Vitamins, supplements, and probiotics are readily available at most pharmacies, grocery stores, wholesale clubs, and even the dollar stores. You might find yourself wondering about the health benefits of different over-the-counters and whether you should be taking vitamins, supplements, or probiotics. This blog post is going to focus on probiotics.
What are probiotics?
Probiotics are also referred to as “good” or “friendly” bacteria. Everyone has bacteria that live in their body and help your body function. Certain good types of bacteria can help your body defend itself from infections caused by harmful bacteria or other germs.
Should I be taking a probiotic?
You should not take any over-the-counter supplements without talking to your health care provider or pharmacist first. Without doing anything, probiotics will get into your body on their own. You may already be consuming probiotics daily through different foods, such as yogurts, kombucha drinks, kimchi, and/or Kefir. Even though your body naturally will find its way to probiotics, some people still like to take extra probiotics in the form of a pill. There are even “pre-biotics” available to take as a pill, which contain food that probiotics like. The truth about probiotic pills is that there is not a lot of evidence for their use quite yet. Studies have varied on whether probiotics seem to improve health or benefit the body. Some show they help, and some show no benefit. There is more research that needs to be done to determine whether probiotics are helpful as a daily supplement.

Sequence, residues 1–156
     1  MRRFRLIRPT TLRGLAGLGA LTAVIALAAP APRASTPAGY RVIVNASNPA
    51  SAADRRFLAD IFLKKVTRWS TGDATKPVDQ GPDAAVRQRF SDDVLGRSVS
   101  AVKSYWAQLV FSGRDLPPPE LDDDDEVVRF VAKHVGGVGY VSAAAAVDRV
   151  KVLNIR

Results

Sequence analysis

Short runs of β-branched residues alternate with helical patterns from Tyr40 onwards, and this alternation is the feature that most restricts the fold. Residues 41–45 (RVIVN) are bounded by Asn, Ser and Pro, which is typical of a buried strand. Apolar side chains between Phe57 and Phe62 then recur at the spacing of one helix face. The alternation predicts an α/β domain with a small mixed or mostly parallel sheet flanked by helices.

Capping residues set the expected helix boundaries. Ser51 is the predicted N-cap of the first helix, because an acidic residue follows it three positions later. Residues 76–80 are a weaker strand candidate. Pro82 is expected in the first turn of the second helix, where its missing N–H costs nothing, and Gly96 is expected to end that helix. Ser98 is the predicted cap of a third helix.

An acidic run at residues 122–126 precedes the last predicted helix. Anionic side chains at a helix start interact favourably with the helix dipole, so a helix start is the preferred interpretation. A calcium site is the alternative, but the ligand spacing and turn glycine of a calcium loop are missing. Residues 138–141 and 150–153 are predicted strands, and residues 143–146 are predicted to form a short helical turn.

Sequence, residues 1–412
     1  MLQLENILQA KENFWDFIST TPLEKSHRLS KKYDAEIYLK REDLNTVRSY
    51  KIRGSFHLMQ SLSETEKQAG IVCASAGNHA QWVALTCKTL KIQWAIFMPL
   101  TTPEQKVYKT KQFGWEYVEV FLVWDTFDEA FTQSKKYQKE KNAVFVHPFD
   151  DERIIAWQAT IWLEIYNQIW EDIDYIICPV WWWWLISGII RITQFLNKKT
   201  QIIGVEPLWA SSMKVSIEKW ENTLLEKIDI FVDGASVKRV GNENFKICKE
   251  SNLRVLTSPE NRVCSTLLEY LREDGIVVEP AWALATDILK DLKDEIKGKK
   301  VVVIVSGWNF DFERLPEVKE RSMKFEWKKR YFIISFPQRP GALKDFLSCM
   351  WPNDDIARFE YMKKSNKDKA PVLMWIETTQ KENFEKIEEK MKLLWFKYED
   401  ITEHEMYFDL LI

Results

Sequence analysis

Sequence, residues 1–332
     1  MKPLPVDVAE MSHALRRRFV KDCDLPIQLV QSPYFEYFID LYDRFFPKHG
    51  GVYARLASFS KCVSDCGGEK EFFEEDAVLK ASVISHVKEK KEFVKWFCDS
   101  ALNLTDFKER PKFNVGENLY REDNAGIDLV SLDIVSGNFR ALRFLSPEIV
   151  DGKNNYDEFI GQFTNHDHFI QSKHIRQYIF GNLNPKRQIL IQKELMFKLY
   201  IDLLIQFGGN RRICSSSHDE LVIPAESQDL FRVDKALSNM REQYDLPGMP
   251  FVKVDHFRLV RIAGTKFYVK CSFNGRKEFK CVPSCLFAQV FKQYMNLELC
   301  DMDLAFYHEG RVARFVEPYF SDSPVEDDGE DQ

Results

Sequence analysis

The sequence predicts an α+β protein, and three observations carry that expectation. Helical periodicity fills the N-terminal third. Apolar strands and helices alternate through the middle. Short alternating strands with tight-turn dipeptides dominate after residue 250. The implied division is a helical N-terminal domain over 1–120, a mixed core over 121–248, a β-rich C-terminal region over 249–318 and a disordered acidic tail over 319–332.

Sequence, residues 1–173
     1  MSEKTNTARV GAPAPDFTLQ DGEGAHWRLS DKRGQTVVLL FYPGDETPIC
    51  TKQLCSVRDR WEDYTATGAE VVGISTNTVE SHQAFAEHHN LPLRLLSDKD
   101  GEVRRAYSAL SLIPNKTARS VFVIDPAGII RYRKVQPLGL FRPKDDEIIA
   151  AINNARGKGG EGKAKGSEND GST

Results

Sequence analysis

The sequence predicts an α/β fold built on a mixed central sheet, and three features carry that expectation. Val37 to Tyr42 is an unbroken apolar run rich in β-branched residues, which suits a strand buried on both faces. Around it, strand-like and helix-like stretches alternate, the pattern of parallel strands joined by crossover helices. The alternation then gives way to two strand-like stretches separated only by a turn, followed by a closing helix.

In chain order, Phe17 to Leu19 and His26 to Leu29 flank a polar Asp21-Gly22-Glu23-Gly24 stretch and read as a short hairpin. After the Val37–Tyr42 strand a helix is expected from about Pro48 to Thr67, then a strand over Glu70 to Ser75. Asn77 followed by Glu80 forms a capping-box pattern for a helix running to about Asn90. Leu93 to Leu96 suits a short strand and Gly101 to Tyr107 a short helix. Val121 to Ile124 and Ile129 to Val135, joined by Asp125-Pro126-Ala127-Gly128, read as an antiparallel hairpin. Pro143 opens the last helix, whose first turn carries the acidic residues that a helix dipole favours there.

Read more about probiotics here.
There are some areas where probiotics have been studied and showed promising results. Probiotics may be helpful for antibiotic-associated diarrhea (including Clostridium difficile or “C diff”), prevention of necrotizing enterocolitis and sepsis in premature infants, infant colic, periodontal disease, and/or ulcerative colitis. However, there is still a lot to be learned about probiotics and much ongoing research.
Another issue is that most over-the-counter probiotics are not regulated by the US Food and Drug Administration the way standard medications are. Unfortunately, companies that make probiotics do not have to prove that the ingredients listed on the bottle are actually what is inside. There are even potential dangers to taking probiotics. Particularly for those people with weak immune systems, probiotics could cause an infection.
Before starting any probiotic product, you should discuss the risks and benefits with your healthcare provider. Further research on probiotics will be extremely valuable in the future.
Disclaimer: This blog is written for informational and educational purposes only. It is not intended to be a substitute for professional medical advice, diagnosis, or treatment. Always seek the advice of your physician or other qualified health provider with any questions you may have regarding a medical condition. Never disregard professional medical advice or delay in seeking it because of something you have read or seen online.